Dollar figures are arbitrary. If people think a book should cost $15, that's what they'll pay. If they think it should cost $10, or $5, or $2, they'll never pay much more than that. There is no real dollar figure that book should cost - just what is perceived as the norm. The publishers were illegally colluding to raise the norm from what Amazon thought the norm should be.
When a Google car sees a new permanent structure such as a light pole or sign that it wasn’t expecting it sends an alert and some data to a team at Google in charge of maintaining the map. [...] The car’s video cameras detect the color of a traffic light.
As I said, the cars themselves help map the terrain, so it's not like they can't see what's around them and operate independently or rely on maps in the cloud. And luckily, stoplights don't appear overnight. It would be easy for the city to work with the Google to incorporate road changes and construction zones (or for the city to maintain the maps themselves).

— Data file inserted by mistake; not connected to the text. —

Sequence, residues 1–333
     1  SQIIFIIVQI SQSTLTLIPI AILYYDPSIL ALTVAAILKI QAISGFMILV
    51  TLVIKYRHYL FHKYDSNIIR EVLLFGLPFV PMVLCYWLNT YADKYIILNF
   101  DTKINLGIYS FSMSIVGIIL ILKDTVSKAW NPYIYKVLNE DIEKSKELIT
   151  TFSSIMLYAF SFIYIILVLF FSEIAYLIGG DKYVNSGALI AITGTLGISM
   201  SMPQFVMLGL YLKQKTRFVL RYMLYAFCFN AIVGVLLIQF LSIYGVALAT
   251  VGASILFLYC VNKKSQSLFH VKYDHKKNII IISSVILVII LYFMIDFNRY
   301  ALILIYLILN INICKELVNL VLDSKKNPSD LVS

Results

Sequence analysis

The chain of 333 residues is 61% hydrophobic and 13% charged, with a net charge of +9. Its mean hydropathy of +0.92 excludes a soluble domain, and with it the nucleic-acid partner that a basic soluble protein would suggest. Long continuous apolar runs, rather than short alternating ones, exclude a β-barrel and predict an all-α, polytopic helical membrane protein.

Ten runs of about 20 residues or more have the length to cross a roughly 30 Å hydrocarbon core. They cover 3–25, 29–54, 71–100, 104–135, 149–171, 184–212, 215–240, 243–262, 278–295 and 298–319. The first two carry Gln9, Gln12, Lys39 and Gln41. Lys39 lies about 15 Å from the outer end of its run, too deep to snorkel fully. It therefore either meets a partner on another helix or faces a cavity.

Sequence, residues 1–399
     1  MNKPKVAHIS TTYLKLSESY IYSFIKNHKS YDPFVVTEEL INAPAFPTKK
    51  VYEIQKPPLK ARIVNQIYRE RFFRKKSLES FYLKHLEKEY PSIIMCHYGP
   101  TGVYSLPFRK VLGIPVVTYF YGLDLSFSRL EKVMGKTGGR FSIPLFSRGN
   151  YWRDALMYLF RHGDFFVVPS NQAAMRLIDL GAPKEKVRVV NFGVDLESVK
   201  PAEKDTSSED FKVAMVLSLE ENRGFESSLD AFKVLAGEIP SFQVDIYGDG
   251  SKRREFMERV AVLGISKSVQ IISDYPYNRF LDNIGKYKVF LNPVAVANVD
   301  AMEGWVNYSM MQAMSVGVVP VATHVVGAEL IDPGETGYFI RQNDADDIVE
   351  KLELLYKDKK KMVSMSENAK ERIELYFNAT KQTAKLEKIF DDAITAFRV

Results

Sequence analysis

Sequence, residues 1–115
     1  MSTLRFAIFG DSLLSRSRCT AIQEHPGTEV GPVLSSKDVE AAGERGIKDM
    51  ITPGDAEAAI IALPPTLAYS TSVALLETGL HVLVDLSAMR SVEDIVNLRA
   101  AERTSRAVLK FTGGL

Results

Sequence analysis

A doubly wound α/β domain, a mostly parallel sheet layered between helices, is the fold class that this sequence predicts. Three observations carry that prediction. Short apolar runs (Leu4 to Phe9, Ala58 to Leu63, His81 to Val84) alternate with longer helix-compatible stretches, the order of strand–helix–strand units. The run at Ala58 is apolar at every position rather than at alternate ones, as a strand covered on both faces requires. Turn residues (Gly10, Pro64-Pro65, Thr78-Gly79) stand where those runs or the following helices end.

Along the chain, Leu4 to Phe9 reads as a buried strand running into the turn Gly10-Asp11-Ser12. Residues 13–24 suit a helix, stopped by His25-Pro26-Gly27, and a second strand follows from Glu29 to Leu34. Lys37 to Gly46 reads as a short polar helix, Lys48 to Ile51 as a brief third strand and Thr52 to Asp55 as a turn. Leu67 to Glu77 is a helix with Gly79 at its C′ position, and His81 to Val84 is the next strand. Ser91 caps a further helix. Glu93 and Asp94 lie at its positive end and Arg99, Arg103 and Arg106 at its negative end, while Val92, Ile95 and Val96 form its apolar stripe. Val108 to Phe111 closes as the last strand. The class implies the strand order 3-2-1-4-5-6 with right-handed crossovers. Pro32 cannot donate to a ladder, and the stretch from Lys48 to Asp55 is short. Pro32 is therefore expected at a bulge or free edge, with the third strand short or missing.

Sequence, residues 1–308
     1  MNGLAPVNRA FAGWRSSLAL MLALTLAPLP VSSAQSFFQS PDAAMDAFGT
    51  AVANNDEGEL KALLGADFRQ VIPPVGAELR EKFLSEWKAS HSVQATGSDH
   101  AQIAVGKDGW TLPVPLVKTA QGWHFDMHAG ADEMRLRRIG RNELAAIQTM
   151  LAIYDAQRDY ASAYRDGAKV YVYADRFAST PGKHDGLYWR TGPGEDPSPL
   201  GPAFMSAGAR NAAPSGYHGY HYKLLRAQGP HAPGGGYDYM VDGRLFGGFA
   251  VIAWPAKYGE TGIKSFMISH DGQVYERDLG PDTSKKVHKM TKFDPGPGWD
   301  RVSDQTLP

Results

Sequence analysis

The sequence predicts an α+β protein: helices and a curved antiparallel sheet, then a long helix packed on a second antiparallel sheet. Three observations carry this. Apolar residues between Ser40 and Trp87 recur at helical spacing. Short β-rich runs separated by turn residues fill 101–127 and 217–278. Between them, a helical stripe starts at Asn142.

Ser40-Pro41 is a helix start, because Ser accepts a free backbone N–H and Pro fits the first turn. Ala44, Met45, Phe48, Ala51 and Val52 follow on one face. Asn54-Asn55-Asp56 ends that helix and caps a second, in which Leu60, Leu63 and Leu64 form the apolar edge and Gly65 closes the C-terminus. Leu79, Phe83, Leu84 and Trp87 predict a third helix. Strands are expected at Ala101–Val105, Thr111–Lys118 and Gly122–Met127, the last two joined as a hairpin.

Snow and ice are definitely serious issues though. Right now that means in certain types of weather, you'll just have to drive yourself.
And these are today's cars - not cars 10 years from now. Go back and look at where they were in 2004, and I'm not too worried that these issues won't be overcome.
The processing is not handled in the cloud. Each car is capable of driving using only its sensors and onboard computers. The cloud helps with maps and directions but isn't required.
They can also recognize stoplights, but maybe not a police officer's hand signal - but that's a problem that's easily solved.
And the areas may be mapped out - but they're mapped out by the cars themselves. Any area where self-driving cars spend any considerable time would also get mapped out in great detail. It's one of those situations where the more it's implemented, the better it works.